This article has been reviewed according to Science X's editorial process and policies. Editors have highlighted the following attributes while ensuring the content's credibility:


peer-reviewed publication

trusted source


Smart labs for bespoke synthesis of nanomaterials are emerging

Smart labs for bespoke synthesis of nanomaterials are emerging
The autonomous laboratory platform for bespoke NP design with target optical properties. Credit: Advanced Functional Materials (2024). DOI: 10.1002/adfm.202312561

In the early 20th century, the development of a catalyst for ammonia synthesis by the Haber-Bosch method took more than 10,000 experiments before it was successful. The development of new materials is a time-consuming and costly process from design to commercialization.

However, in recent years, researchers have been working to shorten the development period by using artificial intelligence (AI). When combined with robots, it is possible to conduct material development research 24 hours a day, 365 days a year without .

Dr. Sang Soo, Han and Dr. Donghun, Kim of the Computational Science Research Center and Professor Kwan-Young Lee of the Department of Chemical Engineering and Biotechnology at Korea University have developed a bespoke synthesis platform of nanomaterials using AI and robotics, called Smart Lab.

The research is published in the journal Advanced Functional Materials.

The Korea Institute of Science and Technology (KIST)-Korea University joint research team first developed an automated device that synthesizes nanoparticles based on a robotic arm and measures the optical properties of the synthesized nanoparticles. By combining AI technology with this, a smart laboratory for bespoke synthesis of nanomaterials was developed, with which researchers can readily synthesize nanomaterials that meet their requirements just by inputting the desired material properties.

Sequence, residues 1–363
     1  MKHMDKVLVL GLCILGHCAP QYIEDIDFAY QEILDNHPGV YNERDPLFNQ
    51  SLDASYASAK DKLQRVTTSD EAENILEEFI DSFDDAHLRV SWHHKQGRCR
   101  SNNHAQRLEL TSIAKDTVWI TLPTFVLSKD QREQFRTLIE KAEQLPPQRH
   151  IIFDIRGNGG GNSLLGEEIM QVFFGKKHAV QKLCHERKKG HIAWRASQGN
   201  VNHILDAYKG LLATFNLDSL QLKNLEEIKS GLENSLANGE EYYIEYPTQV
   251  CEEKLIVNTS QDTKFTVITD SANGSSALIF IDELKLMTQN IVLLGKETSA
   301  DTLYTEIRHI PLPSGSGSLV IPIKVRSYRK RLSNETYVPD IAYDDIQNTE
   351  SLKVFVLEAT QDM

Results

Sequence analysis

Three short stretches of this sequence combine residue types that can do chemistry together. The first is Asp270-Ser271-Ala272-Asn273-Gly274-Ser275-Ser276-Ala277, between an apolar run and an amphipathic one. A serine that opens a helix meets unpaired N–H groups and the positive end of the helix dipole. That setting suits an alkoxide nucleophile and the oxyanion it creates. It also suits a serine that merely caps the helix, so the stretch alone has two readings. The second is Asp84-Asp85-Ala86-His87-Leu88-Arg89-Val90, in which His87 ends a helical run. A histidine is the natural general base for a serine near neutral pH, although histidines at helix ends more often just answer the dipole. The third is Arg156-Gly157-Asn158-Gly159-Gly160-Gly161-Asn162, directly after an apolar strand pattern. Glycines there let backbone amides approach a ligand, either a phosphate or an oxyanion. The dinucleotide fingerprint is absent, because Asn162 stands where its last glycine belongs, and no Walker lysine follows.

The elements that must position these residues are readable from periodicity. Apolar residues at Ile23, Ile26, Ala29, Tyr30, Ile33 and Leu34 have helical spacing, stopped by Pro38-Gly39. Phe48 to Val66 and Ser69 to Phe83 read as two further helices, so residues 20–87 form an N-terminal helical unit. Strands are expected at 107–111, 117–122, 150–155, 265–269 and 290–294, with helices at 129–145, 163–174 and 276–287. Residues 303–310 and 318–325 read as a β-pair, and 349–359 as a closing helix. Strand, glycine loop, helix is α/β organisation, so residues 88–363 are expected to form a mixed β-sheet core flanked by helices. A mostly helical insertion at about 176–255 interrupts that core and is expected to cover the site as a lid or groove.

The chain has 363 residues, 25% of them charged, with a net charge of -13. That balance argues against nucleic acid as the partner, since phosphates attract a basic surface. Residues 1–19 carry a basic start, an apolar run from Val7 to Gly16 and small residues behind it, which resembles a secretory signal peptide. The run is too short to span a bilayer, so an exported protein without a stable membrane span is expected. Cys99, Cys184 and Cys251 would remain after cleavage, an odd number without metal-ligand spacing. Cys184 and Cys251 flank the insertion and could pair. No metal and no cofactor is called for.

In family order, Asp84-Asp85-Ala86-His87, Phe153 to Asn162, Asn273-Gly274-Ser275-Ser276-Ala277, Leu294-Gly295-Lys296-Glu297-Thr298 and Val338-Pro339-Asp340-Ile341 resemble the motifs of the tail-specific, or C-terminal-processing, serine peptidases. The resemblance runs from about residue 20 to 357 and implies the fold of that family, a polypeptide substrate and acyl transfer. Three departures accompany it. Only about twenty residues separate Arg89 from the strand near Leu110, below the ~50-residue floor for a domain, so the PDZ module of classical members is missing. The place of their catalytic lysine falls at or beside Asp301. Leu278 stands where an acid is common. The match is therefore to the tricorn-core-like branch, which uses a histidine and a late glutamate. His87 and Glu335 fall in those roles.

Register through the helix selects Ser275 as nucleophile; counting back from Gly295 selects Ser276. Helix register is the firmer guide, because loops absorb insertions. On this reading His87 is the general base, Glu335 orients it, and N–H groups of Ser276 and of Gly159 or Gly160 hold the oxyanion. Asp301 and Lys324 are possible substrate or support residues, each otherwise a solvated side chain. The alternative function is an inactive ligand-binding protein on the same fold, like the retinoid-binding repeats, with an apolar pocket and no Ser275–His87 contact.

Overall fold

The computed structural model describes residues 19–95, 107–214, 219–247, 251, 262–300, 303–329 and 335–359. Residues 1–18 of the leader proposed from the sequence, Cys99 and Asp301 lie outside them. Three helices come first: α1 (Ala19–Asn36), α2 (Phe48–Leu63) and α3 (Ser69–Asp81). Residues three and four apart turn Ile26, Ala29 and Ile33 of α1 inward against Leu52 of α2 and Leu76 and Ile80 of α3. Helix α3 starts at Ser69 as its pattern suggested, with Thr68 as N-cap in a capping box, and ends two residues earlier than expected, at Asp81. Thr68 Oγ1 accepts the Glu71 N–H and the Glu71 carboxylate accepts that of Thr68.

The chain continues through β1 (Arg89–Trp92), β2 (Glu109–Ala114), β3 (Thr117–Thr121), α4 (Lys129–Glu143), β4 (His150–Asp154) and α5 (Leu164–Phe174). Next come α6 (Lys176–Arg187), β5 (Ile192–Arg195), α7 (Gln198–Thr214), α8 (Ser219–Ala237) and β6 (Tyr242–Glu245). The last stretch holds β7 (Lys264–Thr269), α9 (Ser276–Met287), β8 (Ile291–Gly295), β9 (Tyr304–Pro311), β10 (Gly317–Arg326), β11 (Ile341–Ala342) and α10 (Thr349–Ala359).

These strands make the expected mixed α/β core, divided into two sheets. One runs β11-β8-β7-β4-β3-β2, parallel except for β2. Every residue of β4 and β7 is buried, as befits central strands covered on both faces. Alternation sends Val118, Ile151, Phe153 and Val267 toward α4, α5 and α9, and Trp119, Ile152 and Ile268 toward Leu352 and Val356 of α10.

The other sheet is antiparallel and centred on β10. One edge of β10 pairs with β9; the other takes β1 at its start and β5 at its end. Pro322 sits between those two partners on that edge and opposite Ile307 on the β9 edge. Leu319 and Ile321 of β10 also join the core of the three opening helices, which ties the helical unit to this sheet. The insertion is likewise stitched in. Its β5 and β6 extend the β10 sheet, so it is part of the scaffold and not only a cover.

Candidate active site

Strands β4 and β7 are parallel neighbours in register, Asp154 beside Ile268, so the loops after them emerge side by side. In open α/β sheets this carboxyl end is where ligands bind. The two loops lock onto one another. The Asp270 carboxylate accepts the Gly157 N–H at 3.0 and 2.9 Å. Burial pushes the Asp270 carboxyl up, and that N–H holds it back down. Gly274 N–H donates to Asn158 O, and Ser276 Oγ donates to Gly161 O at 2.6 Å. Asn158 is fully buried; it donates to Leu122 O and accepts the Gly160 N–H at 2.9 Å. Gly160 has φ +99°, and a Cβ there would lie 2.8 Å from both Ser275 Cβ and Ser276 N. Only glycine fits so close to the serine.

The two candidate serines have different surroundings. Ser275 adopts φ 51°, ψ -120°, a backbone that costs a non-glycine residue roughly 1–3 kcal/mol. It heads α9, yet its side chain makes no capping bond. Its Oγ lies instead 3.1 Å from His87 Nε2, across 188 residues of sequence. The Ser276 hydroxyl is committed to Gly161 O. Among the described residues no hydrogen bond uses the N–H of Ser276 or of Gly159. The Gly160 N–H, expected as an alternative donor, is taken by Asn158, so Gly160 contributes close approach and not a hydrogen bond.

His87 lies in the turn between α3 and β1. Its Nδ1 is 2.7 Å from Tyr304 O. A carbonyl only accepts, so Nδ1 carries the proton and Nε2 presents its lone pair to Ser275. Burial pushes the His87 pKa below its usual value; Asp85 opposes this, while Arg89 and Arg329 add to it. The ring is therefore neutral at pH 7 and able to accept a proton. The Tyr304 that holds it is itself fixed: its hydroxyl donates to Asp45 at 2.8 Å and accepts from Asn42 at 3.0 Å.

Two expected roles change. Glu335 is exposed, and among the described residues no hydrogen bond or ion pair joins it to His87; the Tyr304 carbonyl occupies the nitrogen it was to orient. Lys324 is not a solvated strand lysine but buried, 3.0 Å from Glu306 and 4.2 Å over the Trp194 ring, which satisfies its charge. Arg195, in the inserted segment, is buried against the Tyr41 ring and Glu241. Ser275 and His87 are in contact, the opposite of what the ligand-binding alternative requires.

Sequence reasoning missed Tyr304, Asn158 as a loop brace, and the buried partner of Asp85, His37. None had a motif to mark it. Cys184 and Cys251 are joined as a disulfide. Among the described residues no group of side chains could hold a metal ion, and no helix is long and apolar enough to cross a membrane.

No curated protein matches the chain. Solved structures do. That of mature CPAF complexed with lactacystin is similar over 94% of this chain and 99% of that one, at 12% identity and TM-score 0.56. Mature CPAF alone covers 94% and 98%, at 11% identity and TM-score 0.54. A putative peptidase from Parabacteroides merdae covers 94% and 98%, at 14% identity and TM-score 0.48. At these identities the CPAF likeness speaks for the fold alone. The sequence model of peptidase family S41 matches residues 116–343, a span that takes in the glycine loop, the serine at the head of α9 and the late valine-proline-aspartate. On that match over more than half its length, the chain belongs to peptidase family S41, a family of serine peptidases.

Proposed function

The AI technology applied to the Smart Lab platform combines a Bayesian optimization method with the early stopping technology to increase the efficiency of material discovery by more than 500 times compared to simple automated devices.

Human experiments are often difficult to obtain reproducible results because the results are very sensitively dependent on the research environment and the proficiency of researchers; however, the developed smart lab has the advantage of producing consistent, high-quality data in large quantities.

The researchers also developed an AI technology to ensure the safety of smart labs. Although there is no risk of injury to researchers in unmanned smart labs, it is difficult to prevent safety accidents such as malfunctions due to robot overload.

The researchers developed an AI vision technology (DenseSSD) to detect and prevent such safety accidents in advance and installed it in the smart lab. DenseSSD detects various objects in the lab, including research equipment and materials, and notifies users of any abnormalities so that they can take appropriate measures.

Smart labs for bespoke synthesis of nanomaterials are emerging
KIST Computational Science Research Center Smart Lab development staff photo. Credit: Korea Institute of Science and Technology

"The smart lab platform, which enables material development without human intervention, will be a new R&D paradigm that can solve the problem of declining research manpower due to aging," said Dr. Sang Soo, Han of KIST.

"In the future, we plan to incorporate interactive language models such as ChatGPT to make it easier for non-experts to use the smart lab," said Dr. Donghun, Kim. The research team plans to expand the Smart Lab platform to various material fields such as catalysts, batteries, and displays.

More information: Hyuk Jun Yoo et al, Bespoke Metal Nanoparticle Synthesis at Room Temperature and Discovery of Chemical Knowledge on Nanoparticle Growth via Autonomous Experimentations, Advanced Functional Materials (2024). DOI: 10.1002/adfm.202312561

Journal information: Advanced Functional Materials

Citation: Smart labs for bespoke synthesis of nanomaterials are emerging (2024, May 7) retrieved 19 May 2024 from
This document is subject to copyright. Apart from any fair dealing for the purpose of private study or research, no part may be reproduced without the written permission. The content is provided for information purposes only.

Explore further

How potatoes, corn and beans led to breakthrough in smart windows technology


Feedback to editors